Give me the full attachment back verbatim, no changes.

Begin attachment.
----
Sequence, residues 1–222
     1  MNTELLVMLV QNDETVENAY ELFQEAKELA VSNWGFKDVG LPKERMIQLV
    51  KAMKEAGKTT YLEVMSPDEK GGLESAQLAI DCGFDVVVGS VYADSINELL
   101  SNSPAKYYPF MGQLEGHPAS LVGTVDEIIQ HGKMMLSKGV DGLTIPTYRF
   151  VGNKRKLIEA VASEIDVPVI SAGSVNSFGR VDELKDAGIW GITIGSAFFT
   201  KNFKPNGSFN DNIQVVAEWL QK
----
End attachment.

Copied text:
Sequence, residues 1–222
     1  MNTELLVMLV QNDETVENAY ELFQEAKELA VSNWGFKDVG LPKERMIQLV
    51  KAMKEAGKTT YLEVMSPDEK GGLESAQLAI DCGFDVVVGS VYADSINELL
   101  SNSPAKYYPF MGQLEGHPAS LVGTVDEIIQ HGKMMLSKGV DGLTIPTYRF
   151  VGNKRKLIEA VASEIDVPVI SAGSVNSFGR VDELKDAGIW GITIGSAFFT
   201  KNFKPNGSFN DNIQVVAEWL QK